• Lando and that winning smile, “Wookie’s stand out in a crowd.”
  • No lightsaber, but the Emperor knows how to juice the force steroids.
  • Cameos. The voices at the end.

Random Baffling Moments

  • Just keep skipping … what the heck did Disney do to the laws of light speed in this movie?
  • What’s with the axes? Strict gun control regulations passed? Perhaps, the Knights have an e-commerce site and sell these to the locals.
  • The Chewie switcharoo felt like a David Blaine magic trick gone wrong.
  • A restored Emperor with a lightsaber. All the Sith is dumb. You’d think he’d know to avoid a repeat of the Mace Windu problem. Lightsaber trumps force lightning.

Watching for Logic Leaps

This is what happens when you rush. And would George rush? As an author and screenwriter, he works tirelessly for perfect symmetry, thinking through additions and subtractions. These tales require decades for a reason. Take the climactic battle between Obi-Wan and Anakin. At the end, the Jedi proclaims he has the high ground, “Don’t try it, Anakin.” There are memes built around this small hill, which the plane looks like a 2.0 setting on the treadmill. But, go back to the first trilogy and re-watch Darth Maul with the same high-ground. How many times did Obi rewind this moment, weighing in mind’s eye? Years? Thousands of times? Why didn’t the Sith slash his sword above his head or simply turn? If you look at the character progression of one wise Jedi Knight, that 2.0 incline becomes 10.0 plus. Anakin had the disadvantage.

And that is why I miss George. In his mind, he had worked through a story meticulously about siblings and family. The Heroes Journey stands time’s test.

Sadly, we never saw his complete vision of the tale. Disney shelved the script. And although I enjoyed parts of the new trilogy, the movies are more of a collection of scenes to satisfy fandom. Yes, the showdown between Luke and Kylo in VII is worth sitting through a two-hour slog about a fleet running out of gas after the opening battle scene. But ask yourself, how often do you watch the full movie? I take in the first half-hour the last, covers the high points.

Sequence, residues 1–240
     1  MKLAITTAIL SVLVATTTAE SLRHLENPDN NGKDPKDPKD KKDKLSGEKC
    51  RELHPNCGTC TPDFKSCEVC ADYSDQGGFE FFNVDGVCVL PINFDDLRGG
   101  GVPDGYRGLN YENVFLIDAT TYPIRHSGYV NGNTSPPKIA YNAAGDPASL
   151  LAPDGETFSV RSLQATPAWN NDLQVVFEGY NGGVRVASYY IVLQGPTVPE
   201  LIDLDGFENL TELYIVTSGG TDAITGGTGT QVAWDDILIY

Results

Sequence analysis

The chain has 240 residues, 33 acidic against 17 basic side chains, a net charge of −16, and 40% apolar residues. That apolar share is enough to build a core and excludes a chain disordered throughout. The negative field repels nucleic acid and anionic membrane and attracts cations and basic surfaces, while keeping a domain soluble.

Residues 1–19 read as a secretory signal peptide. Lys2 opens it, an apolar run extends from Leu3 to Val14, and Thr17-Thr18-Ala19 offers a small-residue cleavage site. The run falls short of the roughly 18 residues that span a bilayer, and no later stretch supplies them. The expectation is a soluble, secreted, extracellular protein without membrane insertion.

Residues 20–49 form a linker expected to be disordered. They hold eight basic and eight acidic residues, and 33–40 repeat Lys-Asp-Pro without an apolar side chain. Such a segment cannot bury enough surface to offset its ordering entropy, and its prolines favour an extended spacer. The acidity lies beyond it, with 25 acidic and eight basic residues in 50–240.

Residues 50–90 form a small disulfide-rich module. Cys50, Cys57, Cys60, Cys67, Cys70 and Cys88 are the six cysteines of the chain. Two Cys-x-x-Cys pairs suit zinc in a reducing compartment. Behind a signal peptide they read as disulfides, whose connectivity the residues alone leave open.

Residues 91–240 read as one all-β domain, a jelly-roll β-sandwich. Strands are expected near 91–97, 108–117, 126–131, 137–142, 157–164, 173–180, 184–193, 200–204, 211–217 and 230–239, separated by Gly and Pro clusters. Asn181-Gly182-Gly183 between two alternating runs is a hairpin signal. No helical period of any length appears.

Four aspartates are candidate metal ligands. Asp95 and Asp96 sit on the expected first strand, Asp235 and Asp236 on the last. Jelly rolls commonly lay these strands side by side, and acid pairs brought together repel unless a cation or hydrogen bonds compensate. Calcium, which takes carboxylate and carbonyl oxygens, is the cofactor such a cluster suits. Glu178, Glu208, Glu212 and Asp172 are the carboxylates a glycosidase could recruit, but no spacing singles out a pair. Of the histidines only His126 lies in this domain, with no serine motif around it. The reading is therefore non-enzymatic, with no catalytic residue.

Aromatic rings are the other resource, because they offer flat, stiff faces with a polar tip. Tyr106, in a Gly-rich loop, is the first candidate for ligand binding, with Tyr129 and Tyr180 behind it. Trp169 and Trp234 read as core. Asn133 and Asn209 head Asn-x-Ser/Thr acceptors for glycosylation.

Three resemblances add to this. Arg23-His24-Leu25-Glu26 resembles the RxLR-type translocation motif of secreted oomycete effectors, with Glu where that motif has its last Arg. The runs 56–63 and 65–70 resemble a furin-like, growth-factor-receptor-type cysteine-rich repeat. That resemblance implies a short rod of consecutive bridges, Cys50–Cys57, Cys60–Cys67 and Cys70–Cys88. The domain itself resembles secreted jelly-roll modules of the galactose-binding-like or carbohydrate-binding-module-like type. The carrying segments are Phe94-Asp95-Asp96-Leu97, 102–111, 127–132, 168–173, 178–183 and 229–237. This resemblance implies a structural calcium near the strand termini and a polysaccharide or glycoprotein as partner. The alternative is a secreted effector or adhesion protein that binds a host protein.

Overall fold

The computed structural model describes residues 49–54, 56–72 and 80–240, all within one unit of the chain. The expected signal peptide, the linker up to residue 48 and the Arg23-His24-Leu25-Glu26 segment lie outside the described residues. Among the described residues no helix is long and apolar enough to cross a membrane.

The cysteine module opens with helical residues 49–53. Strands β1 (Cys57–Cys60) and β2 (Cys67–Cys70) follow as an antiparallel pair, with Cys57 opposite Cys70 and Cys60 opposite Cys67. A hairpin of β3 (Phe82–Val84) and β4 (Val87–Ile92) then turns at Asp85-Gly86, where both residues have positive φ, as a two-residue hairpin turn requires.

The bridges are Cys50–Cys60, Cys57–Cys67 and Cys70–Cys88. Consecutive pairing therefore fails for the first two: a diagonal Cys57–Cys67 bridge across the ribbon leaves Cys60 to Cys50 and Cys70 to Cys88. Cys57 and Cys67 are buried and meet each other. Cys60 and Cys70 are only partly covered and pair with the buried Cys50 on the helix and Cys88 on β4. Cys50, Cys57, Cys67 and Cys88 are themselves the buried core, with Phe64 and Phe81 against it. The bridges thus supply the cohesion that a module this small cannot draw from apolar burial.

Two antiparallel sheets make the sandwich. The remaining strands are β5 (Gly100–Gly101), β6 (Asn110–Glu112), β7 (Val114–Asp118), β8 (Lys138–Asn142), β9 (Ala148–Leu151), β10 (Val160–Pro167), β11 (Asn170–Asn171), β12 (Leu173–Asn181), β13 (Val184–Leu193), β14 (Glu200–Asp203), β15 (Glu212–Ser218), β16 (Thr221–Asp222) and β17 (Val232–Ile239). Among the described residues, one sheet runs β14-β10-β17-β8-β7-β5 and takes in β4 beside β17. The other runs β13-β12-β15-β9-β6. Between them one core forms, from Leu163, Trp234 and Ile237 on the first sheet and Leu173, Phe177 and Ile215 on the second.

Taken as a whole, Star Wars will stand time’s test (it already has, technically) but not because of these movies. Books, comics, and other side projects have come to the rescue slowly and surely. The broader lore saves the day by filling in the blanks of Snoke’s ascension, Lando’s run to gather help, and how Kylo stumbled upon the Wayfinder device. Additional world-building would have made these moments carry more weight. The solid additions turn into greatness. Alas … May the Force be with Disney. Perhaps, we will get there years down the line and appreciate the new trilogy. Our imagination and love for Star Wars lore will fill those leaps, making the misfire evolve.

But why not bring back a tortured George? I’d pay a hefty sum to see the what could have been remake. Meanwhile, watch for leaps in your own work and close the gaps in the Hero’s Journey. Always writing.

Other Notes